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AAC F A M I L Y & F R I E N D S


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AG Opinions: County library employees, evaluation records


AG OPINION NO. 2016-125 Te Attorney General determined that employees of a particular county library are “county employees” for the purposes of the Arkansas Public Em- ployee Retirement System (APERS). Because employees of the county li- brary were subject to the control of the county in terms of remuneration, the library employees were entitled to APERS contributions and other ben- efits of county employees under Ark. Code Ann. § 24-4-101. In this deter- mination, the AG emphasized that the APERS board of trustees would have the final power to decide the question in a case of doubt. Under Ark. Code Ann. § 24-4-101(14)(A), county em- ployees are “all employees whose com- pensations are payable, either directly or indirectly, by county participating public employers.” Further, “a ‘coun- ty’ may be any county in Arkansas, ‘includ[ing] all ... boards ... that are duly constituted agencies of the coun- ty.’” Tus, in this instance, the county library board fell within this defini- tion, making its employees eligible for APERS contribution by the county.


AG OPINION NO. 2017-004 Te AG considered the following question: Does the county judge, or instead, the quorum court, have the authority to assign proposed ordi- nances among existing committees? Te AG determined that this power lies exclusively with the quorum court. Under both Ark. Const. amend. 55, § 1(a) and Ark. Code Ann. § 14-14- 801(a), the quorum court is desig- nated as the county’s local legislative


authority. Te county judge may ap- point the members of quorum court committees and limit the size of those committees; however, “assigning pro- posed ordinances to specific existing committees falls within the quorum- court’s managerial and procedural authorities, if not its local legisla- tive powers.” Furthermore, quorum courts are not prohibited from assign- ing ordinances to committees.


AG OPINION NO. 2016-139 Te AG made clear that the “park- ing lot exception” under Act 1078 of 2015 includes county parking lots. Tis exception allows concealed-carry licensees to leave his or her concealed handgun in his or her “locked and un- attended motor vehicle” in a “publicly owned and maintained parking lot.” Tis act amended statutes relating to both the concealed handgun licens- ing law and criminal weapons statutes to expand exceptions. Under this act, a concealed-carry licensee may leave his or her concealed handgun hidden from view in a locked and unattended vehicle in a publically owned parking lot — including county-owned park- ing lots — “without fear of either pros- ecution or license revocation.”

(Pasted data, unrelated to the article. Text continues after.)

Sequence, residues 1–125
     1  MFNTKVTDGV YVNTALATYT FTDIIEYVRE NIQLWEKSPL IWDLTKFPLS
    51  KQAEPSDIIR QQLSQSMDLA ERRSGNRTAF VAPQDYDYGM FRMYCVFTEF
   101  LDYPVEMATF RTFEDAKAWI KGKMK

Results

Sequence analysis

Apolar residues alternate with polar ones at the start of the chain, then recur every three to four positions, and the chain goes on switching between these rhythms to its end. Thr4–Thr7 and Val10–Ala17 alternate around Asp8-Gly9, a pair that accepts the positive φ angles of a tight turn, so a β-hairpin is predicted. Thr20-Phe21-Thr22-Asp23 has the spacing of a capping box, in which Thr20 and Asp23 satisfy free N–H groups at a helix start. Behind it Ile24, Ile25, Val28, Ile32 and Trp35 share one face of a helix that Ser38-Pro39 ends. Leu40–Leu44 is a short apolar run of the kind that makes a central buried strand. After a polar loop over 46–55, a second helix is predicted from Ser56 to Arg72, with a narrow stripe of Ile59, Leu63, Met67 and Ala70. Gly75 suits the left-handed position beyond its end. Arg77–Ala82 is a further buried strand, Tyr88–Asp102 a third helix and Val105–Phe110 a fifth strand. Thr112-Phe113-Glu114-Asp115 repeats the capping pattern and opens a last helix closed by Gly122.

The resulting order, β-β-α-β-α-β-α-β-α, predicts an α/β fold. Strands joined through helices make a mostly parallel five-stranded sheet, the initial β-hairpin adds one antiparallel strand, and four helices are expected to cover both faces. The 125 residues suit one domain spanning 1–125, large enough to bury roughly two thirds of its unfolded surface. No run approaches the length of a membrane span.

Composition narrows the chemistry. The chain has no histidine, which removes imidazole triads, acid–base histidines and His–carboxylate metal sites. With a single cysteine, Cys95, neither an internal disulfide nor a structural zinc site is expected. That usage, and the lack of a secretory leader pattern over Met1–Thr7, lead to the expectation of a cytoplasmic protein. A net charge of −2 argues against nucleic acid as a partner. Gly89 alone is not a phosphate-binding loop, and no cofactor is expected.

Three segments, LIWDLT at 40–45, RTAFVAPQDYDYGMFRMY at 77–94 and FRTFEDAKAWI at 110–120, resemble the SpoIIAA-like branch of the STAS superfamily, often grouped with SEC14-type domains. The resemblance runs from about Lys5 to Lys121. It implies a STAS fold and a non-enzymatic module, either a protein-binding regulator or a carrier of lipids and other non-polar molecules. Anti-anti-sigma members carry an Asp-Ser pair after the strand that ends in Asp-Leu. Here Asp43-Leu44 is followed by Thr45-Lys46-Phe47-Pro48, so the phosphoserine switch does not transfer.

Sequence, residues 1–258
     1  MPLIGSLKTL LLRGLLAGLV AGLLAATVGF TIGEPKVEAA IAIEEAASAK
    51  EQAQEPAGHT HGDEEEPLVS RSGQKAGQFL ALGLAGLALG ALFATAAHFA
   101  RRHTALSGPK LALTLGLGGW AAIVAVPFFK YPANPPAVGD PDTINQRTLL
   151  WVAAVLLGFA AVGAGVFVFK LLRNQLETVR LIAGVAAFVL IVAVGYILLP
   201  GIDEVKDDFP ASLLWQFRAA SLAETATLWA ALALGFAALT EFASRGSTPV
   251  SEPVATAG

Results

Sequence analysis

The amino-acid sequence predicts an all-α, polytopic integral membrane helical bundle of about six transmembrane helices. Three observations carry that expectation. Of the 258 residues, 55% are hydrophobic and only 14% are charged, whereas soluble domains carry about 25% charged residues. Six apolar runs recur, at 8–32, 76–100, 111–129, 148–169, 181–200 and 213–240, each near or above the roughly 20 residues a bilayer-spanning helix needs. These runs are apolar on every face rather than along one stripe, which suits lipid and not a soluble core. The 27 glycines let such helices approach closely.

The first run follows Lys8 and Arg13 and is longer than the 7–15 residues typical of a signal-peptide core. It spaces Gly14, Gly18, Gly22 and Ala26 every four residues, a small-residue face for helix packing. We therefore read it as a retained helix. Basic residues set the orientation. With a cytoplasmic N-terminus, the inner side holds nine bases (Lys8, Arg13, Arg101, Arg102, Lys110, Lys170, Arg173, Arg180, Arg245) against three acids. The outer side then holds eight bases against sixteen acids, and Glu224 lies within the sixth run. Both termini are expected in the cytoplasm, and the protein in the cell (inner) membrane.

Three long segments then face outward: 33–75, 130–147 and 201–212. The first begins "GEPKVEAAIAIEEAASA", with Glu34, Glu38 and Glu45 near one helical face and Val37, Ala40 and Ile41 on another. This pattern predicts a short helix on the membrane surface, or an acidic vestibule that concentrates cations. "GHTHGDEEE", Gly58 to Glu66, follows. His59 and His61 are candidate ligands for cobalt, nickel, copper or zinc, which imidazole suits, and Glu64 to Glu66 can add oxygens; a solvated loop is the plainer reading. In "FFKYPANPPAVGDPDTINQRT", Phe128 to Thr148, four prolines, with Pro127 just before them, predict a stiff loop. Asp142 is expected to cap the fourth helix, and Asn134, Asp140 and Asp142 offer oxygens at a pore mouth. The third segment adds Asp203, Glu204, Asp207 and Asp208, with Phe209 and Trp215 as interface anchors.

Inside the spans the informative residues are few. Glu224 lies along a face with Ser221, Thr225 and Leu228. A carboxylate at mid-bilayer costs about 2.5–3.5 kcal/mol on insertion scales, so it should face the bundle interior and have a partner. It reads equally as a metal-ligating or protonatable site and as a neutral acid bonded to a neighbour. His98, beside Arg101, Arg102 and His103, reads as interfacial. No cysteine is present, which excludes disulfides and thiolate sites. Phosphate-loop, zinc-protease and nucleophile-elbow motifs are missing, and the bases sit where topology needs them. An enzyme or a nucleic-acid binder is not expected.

AG OPINION NO. 2016-137 While evaluating whether an em-


ployee’s employee evaluation records were properly disclosed in response to a request under the Arkansas Free- dom of Information Act (FOIA), the Attorney General determined that the records were properly disclosed. Under FOIA, a document is subject to disclosure if the request is directed


AG Opinions


to an entity subject to the act, the r equested document is a public re- cord, and no e xc ept ions allow the document to be with- held. Two e xc ept ions may prevent a request from being granted — personnel records and em- ployee evaluation or job performance records. In this case, the records fell within the employee evaluation re- cords exception. Tis exception refers to any records created by or at the be- hest of the employer in order to evalu- ate the employee and that detail the employee’s performance on the job. Additionally, employee evaluation or job performance records may only be released if all of the following ele- ments are met: (1) the employee was suspended or terminated, (2) there has been a final administrative resolu- tion of the proceeding, (3) these re- cords formed a basis for the decision in this proceeding, and (4) the public has a compelling interest in the dis- closure of the records in question. Te primary purpose of this excep- tion is to preserve the confidentiality of the formal job-evaluation process to promote honest exchanges in em- ployment relationships. Because these conditions were satisfied in this case, an employee’s “Notice of Disciplin- ary Action Form” and accompanying memorandum were properly released.


Mark Whitmore AAC Chief Counsel


www.arcounties.org 12 COUNTY LINES, SPRING 2017


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